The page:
• Primate locomotion;
  • Allometry;
  • Elastic similarity;
  • Dynamic similarity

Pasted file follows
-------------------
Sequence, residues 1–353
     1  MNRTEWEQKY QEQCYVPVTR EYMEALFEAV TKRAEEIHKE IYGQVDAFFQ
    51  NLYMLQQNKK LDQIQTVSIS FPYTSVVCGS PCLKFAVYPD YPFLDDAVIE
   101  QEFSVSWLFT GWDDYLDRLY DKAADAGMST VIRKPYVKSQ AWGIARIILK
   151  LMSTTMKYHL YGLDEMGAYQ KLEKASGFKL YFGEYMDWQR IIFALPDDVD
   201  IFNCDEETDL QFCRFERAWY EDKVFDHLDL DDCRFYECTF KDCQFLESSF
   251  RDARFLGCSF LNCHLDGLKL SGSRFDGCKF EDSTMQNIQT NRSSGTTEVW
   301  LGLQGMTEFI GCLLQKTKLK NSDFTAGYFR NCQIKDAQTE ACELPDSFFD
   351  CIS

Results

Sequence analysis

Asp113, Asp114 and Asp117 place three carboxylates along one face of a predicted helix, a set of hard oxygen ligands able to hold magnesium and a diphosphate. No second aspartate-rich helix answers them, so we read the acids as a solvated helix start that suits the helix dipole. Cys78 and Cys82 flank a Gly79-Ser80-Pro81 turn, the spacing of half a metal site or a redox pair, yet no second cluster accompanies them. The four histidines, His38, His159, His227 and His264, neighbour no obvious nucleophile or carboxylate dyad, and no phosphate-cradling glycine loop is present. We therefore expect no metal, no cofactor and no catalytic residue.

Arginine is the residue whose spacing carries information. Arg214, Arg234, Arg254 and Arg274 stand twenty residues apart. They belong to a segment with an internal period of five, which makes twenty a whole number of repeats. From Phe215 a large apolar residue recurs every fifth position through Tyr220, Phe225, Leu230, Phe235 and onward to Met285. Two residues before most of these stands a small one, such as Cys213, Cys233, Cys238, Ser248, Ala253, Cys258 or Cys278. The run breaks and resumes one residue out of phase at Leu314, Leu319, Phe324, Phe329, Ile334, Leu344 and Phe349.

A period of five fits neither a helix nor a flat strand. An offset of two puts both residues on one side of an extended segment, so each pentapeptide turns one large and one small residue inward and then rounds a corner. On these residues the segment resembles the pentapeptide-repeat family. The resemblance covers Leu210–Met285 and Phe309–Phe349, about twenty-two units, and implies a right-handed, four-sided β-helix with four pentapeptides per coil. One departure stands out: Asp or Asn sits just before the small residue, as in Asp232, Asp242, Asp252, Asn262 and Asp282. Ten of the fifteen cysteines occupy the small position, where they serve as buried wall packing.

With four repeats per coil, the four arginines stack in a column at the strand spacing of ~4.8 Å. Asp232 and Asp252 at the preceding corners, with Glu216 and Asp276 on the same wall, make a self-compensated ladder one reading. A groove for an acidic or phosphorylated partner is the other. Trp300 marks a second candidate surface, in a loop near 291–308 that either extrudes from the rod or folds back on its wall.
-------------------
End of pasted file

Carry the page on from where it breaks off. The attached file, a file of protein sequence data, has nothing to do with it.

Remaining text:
A comparison of the values of certain temporal and spatial locomotor parameters was made among ten different-aged (sized) vervet monkeys locomoting at nine identical speeds. Cycle and stance durations decreased across speed for all the animals; at any one speed both parameters also varied directly with body size. Stride length increased with speed for all the animals and was greater in the larger animals. Swing duration and hindlimb support length tended to be relatively consistent for each animal across speed, but varied among the animals directly with body size. Hindlimb duty factor decreased with speed for any one animal but showed no direct correlation with size. Hindlimb angular excursion also showed no correlation with size, nor did it show a simple relationship with speed. In terms of gaits and gait transitions, the data indicate that vervets use a very wide variety of gait types, which are not easily correlated with speed or body size. Furthermore, the data suggest the existence of a run–gallop transition zone of speeds for these animals, rather than the existence of a specific transition speed. Finally, the data were used to test intraspecifically the elastic and dynamic similarity models, both of which predict how locomotor parameters will change with size in animals. The results are generally consistent with the dynamic model.